Earlier today I received an email from an aunt, asking for people to consider writing letters in support of her children’s educational program. Apparently, the policy makers of the state from which I am so proud to hail are considering completely cutting the funding for programs that are meant to enhance and accelerate learning for gifted students (i.e. the super smart ones). In her email my aunt included a letter that her kids’ teachers sent home, asking for support.
My cousins are like my little sisters — I practically lived with my aunt and uncle the summer their twins were born (they also had an 18mo. old to look after), and I have always had a special bond with them. It is incredibly painful to know each of their individual struggles thus far in their young scholastic lives and to know that there’s a chance that after all of the hard work they put in every day, they could still end up without the support, encouragement and opportunities for advancement that are so crucial and helpful for success.
I was moved to write a letter, which I sent to members of the Washington State Board of Education and reporters at The Seattle Times and the Renton Reporter:
Dear Members of the WA State Board of Education,
Twenty-three years ago my single mother made a decision that would forever impact my life: She moved us into the suburbs. She loved the city with all of her heart, but she knew that she didn’t want to raise a baby on her own there – not so much for fear of security, but because with her working full-time it seemed the only way to ensure I would receive the best education she could afford (i.e. free).
Five years ago I graduated with honors from Newport High School, one of the state’s highest-ranked public schools, with a promise of a full four-year scholarship to my first-choice university, the University of Pittsburgh. This year I successfully completed – again with a full scholarship for the duration of the program – my master’s degree from American University, one of the country’s prestigious private institutions.
As a young black woman raised by a single mother, I am proud to say that I have overcome a long list of adversities, and I am passionate about the fact that my primary education set the ground work for my path. I don’t doubt for a second that I am where I am because of the resources made available to me through the education system.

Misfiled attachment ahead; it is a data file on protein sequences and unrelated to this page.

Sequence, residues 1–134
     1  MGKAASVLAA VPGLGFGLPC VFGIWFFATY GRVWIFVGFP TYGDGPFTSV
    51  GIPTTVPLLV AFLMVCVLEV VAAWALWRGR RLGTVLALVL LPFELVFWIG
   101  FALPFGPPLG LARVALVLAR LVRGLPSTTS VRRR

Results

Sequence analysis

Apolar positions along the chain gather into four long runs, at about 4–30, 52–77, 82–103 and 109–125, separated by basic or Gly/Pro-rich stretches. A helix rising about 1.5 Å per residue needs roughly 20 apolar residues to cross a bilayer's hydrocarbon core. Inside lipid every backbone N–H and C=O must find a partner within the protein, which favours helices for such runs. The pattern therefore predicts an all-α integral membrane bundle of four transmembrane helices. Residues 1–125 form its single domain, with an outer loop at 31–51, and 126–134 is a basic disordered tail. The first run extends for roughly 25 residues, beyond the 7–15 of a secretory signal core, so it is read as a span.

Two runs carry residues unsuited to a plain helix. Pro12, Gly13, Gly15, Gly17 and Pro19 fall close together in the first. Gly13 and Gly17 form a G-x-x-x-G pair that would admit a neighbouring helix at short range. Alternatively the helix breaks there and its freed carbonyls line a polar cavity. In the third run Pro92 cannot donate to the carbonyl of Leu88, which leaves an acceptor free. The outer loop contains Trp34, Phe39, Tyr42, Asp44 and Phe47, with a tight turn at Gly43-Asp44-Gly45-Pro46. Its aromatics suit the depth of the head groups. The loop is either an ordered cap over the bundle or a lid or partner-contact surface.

But the state is facing a serious risk of losing out on success stories like mine if it cuts funding for programs like Renton School District’s Discovery Program for gifted students.
The long-term ramifications of limiting some of the brightest and most important assets the government can invest in are serious. Pulling kids who are naturally ahead of the learning-curve out of their advanced classes would not only negatively affect their learning, but their classmates’ as well. Personal experience has shown that larger class size means less individual attention for students, which results in decreased motivation to perform or improve.
On the flip-side, catering to gifted students and encouraging scholastic growth at their pace can do wonders for a child’s self-esteem, and therefore success. If programs that specialize in creating optimal environments for learning-disabled students have proven invaluable, why the wavering for children on the other end of the spectrum?
It is a very real fear for many parents, educators and family members that some children – especially those who have already faced struggles to get into programs that will help them – may come up short, through no fault of their own.
Few families can afford to be flexible enough to relocate to a school district that college recruiters view as more scholastically competitive. And the only people with the power to significantly help them are seriously considering turning their backs.